On the main floor, built-in bookcases and china cabinets were ripped out to streamline the rooms. To create a better spatial flow around the center staircase leading up to the second floor, doorways were raised and five-inch-wide oak-plank flooring installed throughout. Walls were uniformly painted in a super-light bluish-gray and gray silk taffeta hung at the windows.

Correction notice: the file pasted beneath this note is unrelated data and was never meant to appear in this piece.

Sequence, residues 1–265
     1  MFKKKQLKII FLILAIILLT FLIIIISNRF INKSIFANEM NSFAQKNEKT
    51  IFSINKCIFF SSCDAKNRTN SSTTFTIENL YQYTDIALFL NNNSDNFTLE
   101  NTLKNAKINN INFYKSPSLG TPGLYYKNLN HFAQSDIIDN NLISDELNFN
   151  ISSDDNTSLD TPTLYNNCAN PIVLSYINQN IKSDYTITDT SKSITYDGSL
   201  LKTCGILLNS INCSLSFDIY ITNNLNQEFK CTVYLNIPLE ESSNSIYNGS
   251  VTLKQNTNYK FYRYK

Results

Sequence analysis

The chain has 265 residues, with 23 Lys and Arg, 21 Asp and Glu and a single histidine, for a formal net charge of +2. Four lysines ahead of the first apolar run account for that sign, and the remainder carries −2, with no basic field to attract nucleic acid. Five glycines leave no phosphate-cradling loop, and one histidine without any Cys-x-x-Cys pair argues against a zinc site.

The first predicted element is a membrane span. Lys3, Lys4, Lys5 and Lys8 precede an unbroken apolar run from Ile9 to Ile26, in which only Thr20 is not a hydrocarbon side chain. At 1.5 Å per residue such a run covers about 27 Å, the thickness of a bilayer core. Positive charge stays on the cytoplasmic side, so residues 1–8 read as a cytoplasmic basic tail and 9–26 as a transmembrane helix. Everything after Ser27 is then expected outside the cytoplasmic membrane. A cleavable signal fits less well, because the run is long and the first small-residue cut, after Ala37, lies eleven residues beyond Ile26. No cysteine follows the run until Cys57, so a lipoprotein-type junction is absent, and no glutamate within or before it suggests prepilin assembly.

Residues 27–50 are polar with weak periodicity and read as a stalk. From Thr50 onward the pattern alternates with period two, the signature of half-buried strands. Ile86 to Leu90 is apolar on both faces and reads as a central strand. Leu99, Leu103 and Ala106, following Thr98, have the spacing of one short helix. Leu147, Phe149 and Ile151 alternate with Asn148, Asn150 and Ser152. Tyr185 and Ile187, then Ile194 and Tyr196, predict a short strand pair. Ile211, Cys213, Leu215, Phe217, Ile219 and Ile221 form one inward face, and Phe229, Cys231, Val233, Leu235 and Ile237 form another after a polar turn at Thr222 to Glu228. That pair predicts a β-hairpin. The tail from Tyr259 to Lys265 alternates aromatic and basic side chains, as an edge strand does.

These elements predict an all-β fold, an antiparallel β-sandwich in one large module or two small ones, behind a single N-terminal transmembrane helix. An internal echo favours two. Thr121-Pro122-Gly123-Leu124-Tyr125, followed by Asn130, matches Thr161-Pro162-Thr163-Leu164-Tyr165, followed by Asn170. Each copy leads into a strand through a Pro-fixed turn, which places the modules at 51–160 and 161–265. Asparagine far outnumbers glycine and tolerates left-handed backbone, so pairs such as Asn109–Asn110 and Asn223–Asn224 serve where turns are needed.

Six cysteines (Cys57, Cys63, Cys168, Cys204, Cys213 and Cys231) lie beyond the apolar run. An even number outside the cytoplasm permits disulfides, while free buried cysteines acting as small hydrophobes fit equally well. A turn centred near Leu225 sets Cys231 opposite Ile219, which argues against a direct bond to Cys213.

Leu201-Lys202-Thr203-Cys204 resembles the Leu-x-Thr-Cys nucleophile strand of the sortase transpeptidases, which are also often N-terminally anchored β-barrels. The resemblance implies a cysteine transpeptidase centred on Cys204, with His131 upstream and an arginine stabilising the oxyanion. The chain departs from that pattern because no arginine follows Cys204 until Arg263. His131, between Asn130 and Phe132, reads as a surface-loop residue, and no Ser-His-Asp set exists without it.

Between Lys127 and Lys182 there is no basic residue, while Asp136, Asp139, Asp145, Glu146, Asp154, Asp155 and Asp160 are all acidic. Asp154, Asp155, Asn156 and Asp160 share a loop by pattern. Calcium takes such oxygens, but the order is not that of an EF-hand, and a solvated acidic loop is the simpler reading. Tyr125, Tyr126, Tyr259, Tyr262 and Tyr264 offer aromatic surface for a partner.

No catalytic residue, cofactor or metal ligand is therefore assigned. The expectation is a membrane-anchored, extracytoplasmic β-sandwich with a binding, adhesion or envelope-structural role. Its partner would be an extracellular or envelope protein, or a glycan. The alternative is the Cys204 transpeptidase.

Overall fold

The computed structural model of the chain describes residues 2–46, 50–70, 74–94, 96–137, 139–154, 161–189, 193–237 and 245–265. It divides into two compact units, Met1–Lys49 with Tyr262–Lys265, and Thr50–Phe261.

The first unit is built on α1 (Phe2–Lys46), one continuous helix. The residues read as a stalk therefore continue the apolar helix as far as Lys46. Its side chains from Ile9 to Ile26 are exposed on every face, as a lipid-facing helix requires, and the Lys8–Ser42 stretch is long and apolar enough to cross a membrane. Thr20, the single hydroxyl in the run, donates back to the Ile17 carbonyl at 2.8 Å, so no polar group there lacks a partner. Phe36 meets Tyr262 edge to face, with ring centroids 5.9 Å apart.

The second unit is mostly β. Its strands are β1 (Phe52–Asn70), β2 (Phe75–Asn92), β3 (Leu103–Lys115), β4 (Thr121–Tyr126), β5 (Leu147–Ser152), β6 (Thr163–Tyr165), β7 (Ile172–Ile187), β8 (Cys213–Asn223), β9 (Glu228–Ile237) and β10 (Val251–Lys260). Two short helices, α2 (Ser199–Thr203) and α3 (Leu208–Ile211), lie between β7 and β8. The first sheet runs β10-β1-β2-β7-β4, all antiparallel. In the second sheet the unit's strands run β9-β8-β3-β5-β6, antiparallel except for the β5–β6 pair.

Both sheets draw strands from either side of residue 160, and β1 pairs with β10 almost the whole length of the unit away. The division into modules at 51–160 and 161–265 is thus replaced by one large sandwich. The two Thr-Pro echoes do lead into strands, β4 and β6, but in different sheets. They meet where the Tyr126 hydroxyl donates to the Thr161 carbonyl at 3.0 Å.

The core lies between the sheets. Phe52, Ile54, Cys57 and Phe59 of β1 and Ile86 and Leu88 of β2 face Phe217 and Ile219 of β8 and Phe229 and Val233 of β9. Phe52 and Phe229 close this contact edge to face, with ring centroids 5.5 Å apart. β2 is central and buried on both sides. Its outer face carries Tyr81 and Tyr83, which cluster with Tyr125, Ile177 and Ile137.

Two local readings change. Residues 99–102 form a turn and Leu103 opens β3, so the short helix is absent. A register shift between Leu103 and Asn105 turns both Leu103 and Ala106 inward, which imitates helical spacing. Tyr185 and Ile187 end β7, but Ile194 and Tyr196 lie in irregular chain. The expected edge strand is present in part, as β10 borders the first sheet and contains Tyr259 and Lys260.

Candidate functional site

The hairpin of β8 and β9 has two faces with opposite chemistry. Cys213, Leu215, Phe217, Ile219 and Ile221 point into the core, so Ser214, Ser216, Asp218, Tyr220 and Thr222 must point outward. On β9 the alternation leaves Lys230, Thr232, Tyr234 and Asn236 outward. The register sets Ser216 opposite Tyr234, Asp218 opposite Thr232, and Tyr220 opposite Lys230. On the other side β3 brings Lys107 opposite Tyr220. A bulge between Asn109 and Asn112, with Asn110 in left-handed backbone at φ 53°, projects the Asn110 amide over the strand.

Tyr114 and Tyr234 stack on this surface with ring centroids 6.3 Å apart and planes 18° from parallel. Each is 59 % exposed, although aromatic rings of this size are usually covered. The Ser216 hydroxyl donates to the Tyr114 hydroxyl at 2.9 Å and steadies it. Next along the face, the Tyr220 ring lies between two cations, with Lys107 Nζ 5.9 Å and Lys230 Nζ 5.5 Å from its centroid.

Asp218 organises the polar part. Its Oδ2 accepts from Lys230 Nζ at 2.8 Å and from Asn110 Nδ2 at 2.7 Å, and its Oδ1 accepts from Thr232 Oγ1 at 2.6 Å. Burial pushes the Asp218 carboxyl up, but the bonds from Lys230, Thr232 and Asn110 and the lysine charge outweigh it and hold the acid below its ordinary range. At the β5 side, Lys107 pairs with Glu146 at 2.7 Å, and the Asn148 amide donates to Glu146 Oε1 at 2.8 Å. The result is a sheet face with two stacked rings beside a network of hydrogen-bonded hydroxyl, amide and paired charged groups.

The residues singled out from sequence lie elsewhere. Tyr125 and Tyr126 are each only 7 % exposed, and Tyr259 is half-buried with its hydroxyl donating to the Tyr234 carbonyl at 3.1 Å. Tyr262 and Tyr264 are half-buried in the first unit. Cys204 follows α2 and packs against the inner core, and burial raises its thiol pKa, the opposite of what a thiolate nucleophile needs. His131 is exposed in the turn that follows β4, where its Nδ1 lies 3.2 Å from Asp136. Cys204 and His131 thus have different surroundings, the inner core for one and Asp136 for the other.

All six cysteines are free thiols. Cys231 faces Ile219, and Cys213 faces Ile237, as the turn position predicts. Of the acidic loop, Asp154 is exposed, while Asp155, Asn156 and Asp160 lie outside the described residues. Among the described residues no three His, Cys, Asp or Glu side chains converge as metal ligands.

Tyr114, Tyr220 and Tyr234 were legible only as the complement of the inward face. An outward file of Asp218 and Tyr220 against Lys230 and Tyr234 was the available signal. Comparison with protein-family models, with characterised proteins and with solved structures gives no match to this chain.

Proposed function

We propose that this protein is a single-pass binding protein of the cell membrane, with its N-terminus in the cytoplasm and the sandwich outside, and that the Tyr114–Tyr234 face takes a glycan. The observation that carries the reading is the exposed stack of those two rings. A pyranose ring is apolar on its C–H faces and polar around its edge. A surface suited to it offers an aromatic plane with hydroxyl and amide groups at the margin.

In the living room, a simpler, lower mantelpiece surrounded by white marble was substituted for a larger one to make the fireplace more in scale with the room. A vintage starburst mirror found by Randolph in Boston hangs above the mantel and comfortable armchairs, covered in periwinkle-blue damask, flank the fireplace. A tufted sofa by Washington designer Thomas Pheasant was upholstered in a soft but durable indoor-outdoor lavender fabric and paired with a glass-topped coffee table from the couple’s previous house. Artwork, both antique and contemporary, reinforces the light, tonal color scheme. Two pastoral plaster reliefs over the sofa subtly contrast with abstract canvases placed to either side of the doorway leading to the adjacent sitting room.